By Cara Sulieman
A SCHOOL crossing guide has comes under fire from council chiefs for the second time in a week about flaunting health and safety rules – this time for having children’s stickers on his lollipop.
John Hunter was first rapped for giving out high-fives and sweet so children crossing at his junction in Edinburgh, sparking efforts to keep the 69 year old in his job after he threatened to quit.
Now he has had his stick CONFISCATED by bosses after children begging him to stay slapped stickers on the sign urging him to stay.
Angry pupils and parents at Corstorphine Primary School started a campaign to keep their favourite lollipop man after the 69-year-old threatened to quit over the ban on high-fives.
But stickesr from that campaign that led to the confiscation of the stick by a council worker on Thursday.
The council said that the stickers covering one side of the stick were “illegal” and forced John to swap his for a new one.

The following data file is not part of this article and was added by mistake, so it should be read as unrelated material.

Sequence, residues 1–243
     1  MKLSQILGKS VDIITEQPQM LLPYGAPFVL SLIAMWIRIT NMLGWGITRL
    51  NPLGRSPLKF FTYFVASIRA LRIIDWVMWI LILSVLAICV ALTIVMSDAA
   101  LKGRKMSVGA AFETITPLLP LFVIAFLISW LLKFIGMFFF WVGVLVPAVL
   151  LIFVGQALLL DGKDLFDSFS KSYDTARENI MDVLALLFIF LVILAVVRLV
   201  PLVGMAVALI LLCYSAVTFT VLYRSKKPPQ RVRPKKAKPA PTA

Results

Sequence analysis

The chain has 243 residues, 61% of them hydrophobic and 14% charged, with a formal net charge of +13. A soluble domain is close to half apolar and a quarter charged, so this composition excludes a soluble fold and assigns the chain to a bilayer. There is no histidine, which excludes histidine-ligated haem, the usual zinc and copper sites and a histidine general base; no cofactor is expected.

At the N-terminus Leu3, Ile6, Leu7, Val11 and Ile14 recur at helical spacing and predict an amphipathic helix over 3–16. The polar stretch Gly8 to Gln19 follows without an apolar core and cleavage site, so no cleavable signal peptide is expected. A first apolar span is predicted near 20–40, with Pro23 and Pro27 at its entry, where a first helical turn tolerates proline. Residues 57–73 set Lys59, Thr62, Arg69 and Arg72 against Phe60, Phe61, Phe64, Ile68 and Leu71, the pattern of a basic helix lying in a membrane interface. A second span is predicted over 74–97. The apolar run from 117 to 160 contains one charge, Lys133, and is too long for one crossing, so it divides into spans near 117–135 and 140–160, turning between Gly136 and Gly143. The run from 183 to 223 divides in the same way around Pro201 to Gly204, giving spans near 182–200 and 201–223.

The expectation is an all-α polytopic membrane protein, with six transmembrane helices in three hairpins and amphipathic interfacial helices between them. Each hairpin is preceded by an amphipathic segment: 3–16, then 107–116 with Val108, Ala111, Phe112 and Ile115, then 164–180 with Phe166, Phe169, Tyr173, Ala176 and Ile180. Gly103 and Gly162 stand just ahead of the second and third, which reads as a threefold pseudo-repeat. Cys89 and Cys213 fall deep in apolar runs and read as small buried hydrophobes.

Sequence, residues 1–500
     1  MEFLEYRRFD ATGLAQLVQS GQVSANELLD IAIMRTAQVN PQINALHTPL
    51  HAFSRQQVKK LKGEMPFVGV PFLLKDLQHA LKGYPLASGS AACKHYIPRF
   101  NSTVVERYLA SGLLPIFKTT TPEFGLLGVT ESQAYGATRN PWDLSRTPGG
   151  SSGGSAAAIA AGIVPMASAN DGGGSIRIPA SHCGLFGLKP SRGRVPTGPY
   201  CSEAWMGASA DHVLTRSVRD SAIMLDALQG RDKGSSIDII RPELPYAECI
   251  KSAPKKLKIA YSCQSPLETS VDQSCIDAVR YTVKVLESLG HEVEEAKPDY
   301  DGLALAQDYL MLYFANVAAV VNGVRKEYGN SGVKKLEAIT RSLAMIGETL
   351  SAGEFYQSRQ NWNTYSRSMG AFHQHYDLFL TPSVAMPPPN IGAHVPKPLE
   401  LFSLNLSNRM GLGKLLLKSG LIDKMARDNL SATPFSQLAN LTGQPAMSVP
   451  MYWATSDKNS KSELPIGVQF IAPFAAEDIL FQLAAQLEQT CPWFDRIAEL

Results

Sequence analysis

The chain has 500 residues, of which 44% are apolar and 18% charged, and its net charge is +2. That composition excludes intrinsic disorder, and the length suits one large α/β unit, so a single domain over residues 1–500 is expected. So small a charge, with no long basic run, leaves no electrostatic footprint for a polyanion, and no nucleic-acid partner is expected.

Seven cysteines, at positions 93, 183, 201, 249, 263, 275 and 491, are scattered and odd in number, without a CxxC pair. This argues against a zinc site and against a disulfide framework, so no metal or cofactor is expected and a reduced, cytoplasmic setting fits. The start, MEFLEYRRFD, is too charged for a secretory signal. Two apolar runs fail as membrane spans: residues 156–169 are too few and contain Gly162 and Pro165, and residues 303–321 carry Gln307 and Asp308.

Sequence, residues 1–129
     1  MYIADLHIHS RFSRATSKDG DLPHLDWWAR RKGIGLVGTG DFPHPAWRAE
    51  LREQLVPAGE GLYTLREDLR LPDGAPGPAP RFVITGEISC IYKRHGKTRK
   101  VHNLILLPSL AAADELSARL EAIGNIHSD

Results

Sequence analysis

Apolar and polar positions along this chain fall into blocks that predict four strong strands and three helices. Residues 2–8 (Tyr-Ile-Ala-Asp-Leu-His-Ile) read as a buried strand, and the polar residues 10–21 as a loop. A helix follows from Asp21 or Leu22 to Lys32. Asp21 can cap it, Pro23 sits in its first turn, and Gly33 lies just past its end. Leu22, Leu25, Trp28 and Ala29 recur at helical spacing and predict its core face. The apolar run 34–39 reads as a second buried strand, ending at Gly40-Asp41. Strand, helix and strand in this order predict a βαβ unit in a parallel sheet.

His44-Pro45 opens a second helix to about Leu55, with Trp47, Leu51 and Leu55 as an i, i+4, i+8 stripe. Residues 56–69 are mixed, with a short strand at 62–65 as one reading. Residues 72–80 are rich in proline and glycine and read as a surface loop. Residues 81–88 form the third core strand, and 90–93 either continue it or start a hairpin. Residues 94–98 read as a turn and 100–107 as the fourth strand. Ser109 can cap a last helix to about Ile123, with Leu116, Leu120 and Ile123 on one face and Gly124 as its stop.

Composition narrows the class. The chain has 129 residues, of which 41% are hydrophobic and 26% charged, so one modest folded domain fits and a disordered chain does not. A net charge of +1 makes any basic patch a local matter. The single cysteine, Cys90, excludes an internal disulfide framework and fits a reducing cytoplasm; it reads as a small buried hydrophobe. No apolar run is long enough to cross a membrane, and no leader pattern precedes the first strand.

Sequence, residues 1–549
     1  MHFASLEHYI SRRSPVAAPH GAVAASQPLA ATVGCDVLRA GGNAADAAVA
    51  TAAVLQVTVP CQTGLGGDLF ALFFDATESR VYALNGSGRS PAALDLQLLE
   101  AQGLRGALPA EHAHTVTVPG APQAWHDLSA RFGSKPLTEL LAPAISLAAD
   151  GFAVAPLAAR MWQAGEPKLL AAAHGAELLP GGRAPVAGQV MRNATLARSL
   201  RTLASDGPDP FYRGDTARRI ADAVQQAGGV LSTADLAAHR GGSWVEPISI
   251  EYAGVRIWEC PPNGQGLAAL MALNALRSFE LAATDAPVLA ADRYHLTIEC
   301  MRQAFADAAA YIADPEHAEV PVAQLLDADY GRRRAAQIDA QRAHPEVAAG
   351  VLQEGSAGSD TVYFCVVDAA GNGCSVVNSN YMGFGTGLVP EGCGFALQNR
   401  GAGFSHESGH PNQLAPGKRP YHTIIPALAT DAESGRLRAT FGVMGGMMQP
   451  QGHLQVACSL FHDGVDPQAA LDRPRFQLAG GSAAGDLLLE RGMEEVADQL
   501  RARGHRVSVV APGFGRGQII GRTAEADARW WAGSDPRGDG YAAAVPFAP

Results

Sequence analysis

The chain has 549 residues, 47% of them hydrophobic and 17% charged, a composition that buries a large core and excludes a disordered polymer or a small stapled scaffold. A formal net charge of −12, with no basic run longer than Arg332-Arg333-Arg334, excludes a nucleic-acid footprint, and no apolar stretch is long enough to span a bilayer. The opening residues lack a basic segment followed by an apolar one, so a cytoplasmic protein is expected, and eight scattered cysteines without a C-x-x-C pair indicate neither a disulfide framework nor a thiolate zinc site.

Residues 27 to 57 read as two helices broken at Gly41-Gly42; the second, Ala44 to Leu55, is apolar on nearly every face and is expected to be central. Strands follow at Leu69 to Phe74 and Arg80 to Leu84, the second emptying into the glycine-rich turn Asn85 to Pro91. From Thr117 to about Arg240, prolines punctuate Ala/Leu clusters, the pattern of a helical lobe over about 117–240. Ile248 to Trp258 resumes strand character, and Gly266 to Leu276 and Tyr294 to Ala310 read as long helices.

He said: “This was the last thing I expected to happen after all the drama. I’ve only got a week left and I wanted to enjoy it.
“I almost expect the council to send me a bill so they can get the stickers cleaned off the stick next.”
One side of the stick is covered in stickers that the kids have given him as presents over the last five years.
But John insists it isn’t a hazard as the street he works on is one-way and he only ever holds the clear side up to the cars.
The confiscation was witnessed by parent Frances Hill who was shocked by what she saw as she waited to pick up her two sons.
She said: “I saw him approach John, take away his stick and give him a new stick. I thought it was some sort of scam or joke.
“This is a man approaching 70 and this job was his life. What kind of madness is this? The council boss could have at least had the courtesy to come and collect the stick himself.
“They call giving sweets and high-fives a safety risk, but I’d say it is more of a health and safety issue to keep harassing an old man like this. It is gobsmacking.”
Gordon Mackenzie, transport leader at Edinburgh City council defended the move, saying: “The crossing stick has to be replaced as the stickers blanked out the safety warning on one side.
“There’s a safety issue with that and it’s also illegal so we had it replaced.”